High Nutrition, High Price Tag?
If I think back on my growing up years, we really didn’t focus much on healthy eating. We ate well, mostly home cooked meals, and we indulged in moderation.
There certainly was never talk about green juice, quinoa, coconut water or kale. We didn’t even seem to use fresh herbs like coriander or rocket in those days! Over the past 10 years nutrition knowledge has really exploded, which is hugely positive.
However, a hefty price tag is often attached to this deeper knowledge.
It seems that being healthy, in the busy life of a present day dweller, is more expensive than just eating whatever passes my nose. Gram for gram, the healthier always comes out more expensive and I am faced with a constant conundrum when I shop for my groceries. Should I spend R12O on a piece of Salmon, because I know it is healthy? Or should I just buy the frozen fish – that also tastes ok (although I know it’s not clean) and 8 portions cost R60? The fresh salmon is more nutritious, as freezing food does lower its nutritional content somewhat. But the frozen fish is also good for you, right? Feelings of guilt and anger arise. Guilt, because I know that healthy food is essential to longevity and health – I am a dietician after all – and pure anger that it is so freaking expensive!
With the rise in nutritional knowledge we now know that certain foods like almonds, avocados, blueberries, fatty fish and green leafy vegetables are foods that contain higher nutritional values than some of their counterparts. But, yes, you guessed it – the higher the nutrient content, the higher the price.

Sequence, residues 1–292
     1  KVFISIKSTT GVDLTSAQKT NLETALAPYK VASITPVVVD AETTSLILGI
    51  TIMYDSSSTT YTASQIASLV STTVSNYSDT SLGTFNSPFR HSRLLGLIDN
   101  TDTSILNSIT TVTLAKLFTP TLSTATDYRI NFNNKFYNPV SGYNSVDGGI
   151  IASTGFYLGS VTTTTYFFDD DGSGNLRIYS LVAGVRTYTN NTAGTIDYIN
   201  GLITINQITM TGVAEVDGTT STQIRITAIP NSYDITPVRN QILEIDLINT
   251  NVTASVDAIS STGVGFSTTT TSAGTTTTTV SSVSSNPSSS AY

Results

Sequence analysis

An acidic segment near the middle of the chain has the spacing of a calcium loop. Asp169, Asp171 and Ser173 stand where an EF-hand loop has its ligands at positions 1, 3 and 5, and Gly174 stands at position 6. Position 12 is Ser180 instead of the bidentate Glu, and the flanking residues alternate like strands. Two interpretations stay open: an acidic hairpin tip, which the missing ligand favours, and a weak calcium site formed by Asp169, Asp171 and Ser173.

So last week I decided to look out of the box. I needed a solution to this problem. Friends had mentioned a mini farmer’s market that takes place in Durban, so I decided to check it out – although leaving the office on a Wednesday morning wasn’t ideal! To my surprise I found the ‘good stuff’ at a much cheaper price. I bought 5 bananas for R10 and 1 bunch of kale for R10.
I then headed to Checkers and saw Blueboost blueberries for R19.99 a tub – WOW!
I also bought a basil plant that is really producing leaves at a rapid rate.
All in all I realized that yes, being healthy is expensive but it’s the convenience factor that you are actually paying for. Convenience in terms of getting all you need at one shop, as well as having 6 perfect tomatoes, rather than perhaps a few imperfect ones in your packet. So the conundrum actually lies with the decision between effort and convenience, if I am fair.
It boils down to budget and desire I suppose. During those months when money is a little tight, I will be heading to the farmer’s market and perhaps to 2 or 3 grocery shops. But then, during other months I will just have to swallow the anger and pay – because I am not only paying for the healthy food, I am paying for the ease of it all as well! We get to decide, how empowering!